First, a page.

Essay | Surviving myself at the Broad Street Run
Updated: May 9
I was borderline homeless when I finished my first long-distance run in 2014. Prior to that, I had been governed by poor health decisions and didn’t know how to take care of myself. Where I come from, people laugh at you for taking care of yourself.
If you tell someone, “You shouldn’t be eating that, it’s bad for you,” the response that meets you is both immediate and viciously vulgar. Self-destruction is something to take pride in as a Black American male, making it the enemy that nests with you as if it’s your only ally.
I remain silent. I don’t tell anyone how to live their life. I struggle to speak my mind for more than a few seconds at a time. I’m vulgar against myself when I seek remedy, like I’m my own enemy. Assertive defense mechanisms dissemble as diversion from a problem I (and many others like me) am silently aware of, but too numbed and petrified to broach.
Still, I run.
Wrestling with silence is a means to unlearn self-destruction. Silence is a stigma that threads generations of Black Americans under blankets of oppression. Trauma is swallowed and buried. Tight lips are a signifier of strength. Treating yourself and others kindly, through words or actions, is an indication of weakness and puts a target on your head. Destruction from another is sure to come.
Around the way, it’s better to die by your own sword, not by someone else’s.
In other words, you ward off someone telling you to take better care of yourself with pleasantries like fuck you very much. Ignore their help. Shoot down their imparted, unsolicited wisdom. Die proudly as the warrior you are.
Still, I run.
The 2019 Broad Street Run takes place this Sunday, May 5, and it’s an exciting time for me. Picking up my bib and checking out the new T-shirt design, feeling the buzz from others who will be running, laying low the Saturday before. The silent ritual of waking up to the crisp, cool spring air before sunrise on race day.
It’s riveting. It’s peace. It’s freedom.
And I hate running. My shins ache like needles drilling into them. My chest and shoulders tighten when it’s a colder run. I can never seem to hydrate properly and wind up with headaches after longer runs, no matter how pristine my recovery practices are. My mind tells me how stupid it is that I’m fucking running, and that I’m a stupid fucking idiot for doing something healthy. I can’t trust my own body. As if I need another reminder of how this body is always a target.
Still, I run.
The funny ones
Self-destruction is an uncomfortable thing to get candid about. When it’s brought to the table, I find that my Black friends who deal with it the most pad it with humor. The funniest people I know are also the ones I look out for the most. The ones I make sure I call regularly, the ones I go out of my way to visit, to the opposite side of the Schuylkill and beyond.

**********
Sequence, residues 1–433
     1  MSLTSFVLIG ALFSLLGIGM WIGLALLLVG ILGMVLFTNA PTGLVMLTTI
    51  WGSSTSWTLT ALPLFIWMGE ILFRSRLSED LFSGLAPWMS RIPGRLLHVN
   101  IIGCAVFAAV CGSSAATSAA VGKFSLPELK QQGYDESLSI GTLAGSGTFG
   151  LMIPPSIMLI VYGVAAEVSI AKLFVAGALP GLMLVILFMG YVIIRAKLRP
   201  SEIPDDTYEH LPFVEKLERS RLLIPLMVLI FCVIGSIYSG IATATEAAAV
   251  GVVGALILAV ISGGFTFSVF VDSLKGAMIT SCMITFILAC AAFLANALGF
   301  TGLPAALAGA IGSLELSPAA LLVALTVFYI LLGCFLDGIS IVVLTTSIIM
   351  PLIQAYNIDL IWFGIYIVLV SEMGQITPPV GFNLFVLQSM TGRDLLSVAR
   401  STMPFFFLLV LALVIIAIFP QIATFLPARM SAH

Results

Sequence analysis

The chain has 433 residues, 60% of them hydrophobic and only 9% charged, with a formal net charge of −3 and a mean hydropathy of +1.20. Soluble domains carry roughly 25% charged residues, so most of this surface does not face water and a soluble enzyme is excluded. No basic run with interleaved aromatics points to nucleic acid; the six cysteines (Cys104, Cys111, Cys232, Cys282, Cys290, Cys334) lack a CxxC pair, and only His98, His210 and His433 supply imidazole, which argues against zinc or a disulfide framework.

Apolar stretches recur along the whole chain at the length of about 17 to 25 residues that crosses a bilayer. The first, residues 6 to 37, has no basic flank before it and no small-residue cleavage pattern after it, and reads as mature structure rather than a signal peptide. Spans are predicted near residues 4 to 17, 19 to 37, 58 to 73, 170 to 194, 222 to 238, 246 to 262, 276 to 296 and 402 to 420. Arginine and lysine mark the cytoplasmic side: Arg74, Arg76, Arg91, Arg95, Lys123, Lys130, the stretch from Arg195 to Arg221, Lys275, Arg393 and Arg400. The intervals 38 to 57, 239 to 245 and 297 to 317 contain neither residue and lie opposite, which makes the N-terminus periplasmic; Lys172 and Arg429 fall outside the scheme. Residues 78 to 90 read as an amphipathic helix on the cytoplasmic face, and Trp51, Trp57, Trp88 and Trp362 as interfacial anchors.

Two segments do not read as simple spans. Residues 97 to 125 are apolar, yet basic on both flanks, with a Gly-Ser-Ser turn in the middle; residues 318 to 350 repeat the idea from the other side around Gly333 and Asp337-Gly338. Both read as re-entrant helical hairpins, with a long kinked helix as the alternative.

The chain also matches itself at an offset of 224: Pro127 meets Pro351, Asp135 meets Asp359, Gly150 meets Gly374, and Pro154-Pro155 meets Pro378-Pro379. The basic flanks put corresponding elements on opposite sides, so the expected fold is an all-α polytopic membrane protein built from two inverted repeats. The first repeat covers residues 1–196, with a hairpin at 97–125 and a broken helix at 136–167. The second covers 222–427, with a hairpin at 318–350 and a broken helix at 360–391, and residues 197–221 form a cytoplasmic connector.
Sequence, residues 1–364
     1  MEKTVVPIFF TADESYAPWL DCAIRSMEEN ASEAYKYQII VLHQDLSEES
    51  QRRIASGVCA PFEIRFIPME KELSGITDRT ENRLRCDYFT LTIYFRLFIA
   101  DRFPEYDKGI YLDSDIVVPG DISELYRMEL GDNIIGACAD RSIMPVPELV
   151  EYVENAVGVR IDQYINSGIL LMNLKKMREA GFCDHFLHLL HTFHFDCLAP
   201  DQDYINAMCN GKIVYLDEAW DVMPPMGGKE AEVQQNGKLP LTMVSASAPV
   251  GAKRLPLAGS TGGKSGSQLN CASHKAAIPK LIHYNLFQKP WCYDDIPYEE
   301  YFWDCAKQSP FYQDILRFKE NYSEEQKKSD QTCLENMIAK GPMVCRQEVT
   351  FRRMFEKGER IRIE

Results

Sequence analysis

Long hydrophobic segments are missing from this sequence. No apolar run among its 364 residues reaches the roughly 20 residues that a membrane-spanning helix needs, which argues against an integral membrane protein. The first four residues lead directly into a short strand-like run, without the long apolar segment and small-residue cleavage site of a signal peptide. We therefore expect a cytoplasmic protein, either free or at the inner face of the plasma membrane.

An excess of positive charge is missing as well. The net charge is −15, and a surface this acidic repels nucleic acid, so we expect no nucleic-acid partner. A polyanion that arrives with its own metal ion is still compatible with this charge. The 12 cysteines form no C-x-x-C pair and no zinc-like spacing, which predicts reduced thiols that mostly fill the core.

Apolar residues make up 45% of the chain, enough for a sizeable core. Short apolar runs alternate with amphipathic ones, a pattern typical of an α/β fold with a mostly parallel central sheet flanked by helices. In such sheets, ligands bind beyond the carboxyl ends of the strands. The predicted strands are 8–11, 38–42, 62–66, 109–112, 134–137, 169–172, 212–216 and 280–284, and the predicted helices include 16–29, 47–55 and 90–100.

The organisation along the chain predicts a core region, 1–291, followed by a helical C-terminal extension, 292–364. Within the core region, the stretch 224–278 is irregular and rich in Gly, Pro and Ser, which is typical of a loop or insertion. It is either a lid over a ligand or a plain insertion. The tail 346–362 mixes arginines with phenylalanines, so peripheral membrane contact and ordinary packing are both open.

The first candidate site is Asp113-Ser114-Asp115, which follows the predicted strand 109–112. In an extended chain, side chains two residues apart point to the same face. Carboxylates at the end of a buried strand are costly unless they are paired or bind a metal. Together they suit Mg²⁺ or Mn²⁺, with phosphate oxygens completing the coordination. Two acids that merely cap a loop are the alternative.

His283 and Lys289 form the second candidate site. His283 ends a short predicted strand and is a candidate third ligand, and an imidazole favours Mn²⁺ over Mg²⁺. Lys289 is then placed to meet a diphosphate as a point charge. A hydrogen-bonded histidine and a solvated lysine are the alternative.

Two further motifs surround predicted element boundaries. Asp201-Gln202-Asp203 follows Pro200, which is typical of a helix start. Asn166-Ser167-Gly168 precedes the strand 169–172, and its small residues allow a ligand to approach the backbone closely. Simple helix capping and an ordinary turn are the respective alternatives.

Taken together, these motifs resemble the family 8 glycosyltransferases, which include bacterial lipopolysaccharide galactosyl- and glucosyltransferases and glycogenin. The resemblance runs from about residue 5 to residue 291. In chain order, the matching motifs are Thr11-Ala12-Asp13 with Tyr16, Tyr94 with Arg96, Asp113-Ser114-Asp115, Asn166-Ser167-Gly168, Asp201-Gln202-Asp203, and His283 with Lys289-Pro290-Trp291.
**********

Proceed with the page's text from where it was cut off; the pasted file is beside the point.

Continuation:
I’ve been told that I’m funny, too.
According to 2014 figures from the Centers for Disease Control and Prevention, suicide is the third leading cause of death for Black men ages 20 to 24. Black Americans are also about half as likely as their non-Black counterparts to seek treatment for mental-health issues, let alone have the financial facilities to afford doing so. Therapy is something I’ve long considered and something I advocate. I can’t pay for it, though.
So, I run.
In spring 2014, I met an editor who brought me on as a staff writer for the publication she’d founded. It was my first regular professional writing gig, five years removed from college. I’d been waiting for something like this for a while, dabbling around at countless jobs and gigs, few of which felt like home. This felt like home. My editor groomed me into a good journalist. And she invited me to my first half-marathon.
I’d never run more than three miles prior to that.
I trained for two months, in the heat of July and August—heat that reminded me of the self-destructive environment I thought I had run away from. There were more than 100 homicides in Philly that summer, and 2,421 black Americans died by suicide in the US in 2014. As a hyperempath—a term coined by one of my favorite authors, Octavia Butler—I feel that burden. I carry that burden. I understand that burden. I engage with that burden. Especially since I didn’t have a place to call home, the dissonance of my summer discomfort vibrated louder. Home is a feeling, and when displacement amalgamates with that and becomes synonymous, it’s hard to ever feel centered.
Still, I run.
Not for me
I completed the 13.1-mile 2014 Rock ‘n’ Roll Philadelphia Half-Marathon, something I never thought I could do. I found the other side of pain. The other side of self-destruction. I survived. The endorphins that rise after every run, that runner’s high, is gratifying. I love it. But it’s only a matter of time before I cycle back to where I was before.
I hate running because I feel like I survived. To survive elicits a sense of guilt: That I’m not going to die with this false sense of honor. That I’m overcoming my self-destructive behaviors. That I have more than other people who have disadvantages and disabilities.
My silence now is about wanting to listen rather than to manifest anecdotes of uplifting stories of how I “made it.” I’m making it, but I hope that when I do the things I don’t want to do for the sake of survival, that I can be a beacon for those who are on the precipice simultaneously of surviving themselves or destroying themselves. Oddly, both can feel the same, but only one keeps you alive and well.
I don’t run for me. I run against myself to accumulate a habit of tiny, endorphic victories. And maybe someday, I can pick someone up, just like my editor did for me, and help them find their freedom.
Still, I run.